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20 December. John chapters 7-8
Finally Jesus returns to Jerusalem where he knows that the authorities are looking for a reason to have him killed. He does not hide from them but confronts them, and the crowds who are present for a religious festival (presumably the Passover). It seems that he wants to make the maximum impact in the short time left to him, in the hope that a few at least of those who hear his teaching will accept it and continue to spread it after his death and resurrection.
Jesus makes much of his relationship with God (whom he never refers to directly, because of the Jewish taboo against using the name of God) but calls him “the Father” (or “my Father”) or “the one who sent me”. But he comes pretty close to identifying himself as divine in some of the exchanges in chapter 8: “If you knew me, you would know my Father also” (19), “I am from above; you are of this world, I am not of this world” (23), “I declare what I have seen in the Father’s presence” (38), and finally “before Abraham was, I am” (58). This last statement angers them enough to threaten him with stoning, for it amounted to blasphemy: not only did Jesus imply that he existed before the start of the Jewish religion (indeed, before all time), but the very phrase “I am” in a religious context was considered to be one of the unutterable names of God.
The thrust of his argument though, is not to set himself up as Lord over the people, rather to urge everyone to regard themselves as children of God, and to be open to the possibility of eternal life. But it does not work. When they claim to be children of Abraham and following the law of Moses, Jesus points out that neither Moses nor Abraham would condone killing someone for their beliefs. When they criticise Jesus healing someone on a Sabbath (yet again), he makes the reasonable point that they themselves consider it acceptable to perform circumcision on a Sabbath – so if that, why not healing? When he offers “the truth that sets people free” (8:32) they simply say that they are not slaves so what would they need to be freed from? As they say here in Yorkshire, “There’s none so deaf as those who won’t hear”.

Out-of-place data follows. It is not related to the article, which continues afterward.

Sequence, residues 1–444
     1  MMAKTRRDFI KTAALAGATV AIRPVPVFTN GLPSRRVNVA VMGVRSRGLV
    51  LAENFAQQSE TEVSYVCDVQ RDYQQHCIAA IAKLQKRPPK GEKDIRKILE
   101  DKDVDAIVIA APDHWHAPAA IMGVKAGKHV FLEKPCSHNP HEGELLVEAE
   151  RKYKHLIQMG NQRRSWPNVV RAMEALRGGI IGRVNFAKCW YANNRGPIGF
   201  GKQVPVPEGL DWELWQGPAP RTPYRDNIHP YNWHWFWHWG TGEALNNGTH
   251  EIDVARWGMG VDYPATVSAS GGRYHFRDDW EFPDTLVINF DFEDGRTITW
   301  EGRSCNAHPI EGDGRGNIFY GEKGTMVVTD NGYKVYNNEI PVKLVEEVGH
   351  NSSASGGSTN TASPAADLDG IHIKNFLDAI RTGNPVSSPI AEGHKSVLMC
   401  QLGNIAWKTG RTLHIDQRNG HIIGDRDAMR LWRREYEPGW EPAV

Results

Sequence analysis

To be fair to the Jews of Jesus’ time, though, it has always been the case that when someone comes along as a prophet, revolutionary or radical, the majority of people do not want to believe their message. We all prefer to stick to the understanding of the world that we have either been taught as children, or discovered for ourselves in youth, or which keeps us in a comfortable stability as adults. To be challenged about your religious heritage, or set of moral values, or to be told that you are suffering from some deficiency or addiction that you need to be freed from, is uncomfortable at best, maybe even threatening.
The call of Jesus is always to something better, though it may not seem like it at the time. And the more we understand of it, the more challenging it may be. Few people in his own time stuck with him through the events of Easter, and few will follow now. But the call, and the challenge, are always there. In the words of a seasonal carol, “Where meek souls will receive him, still the dear Christ enters in”.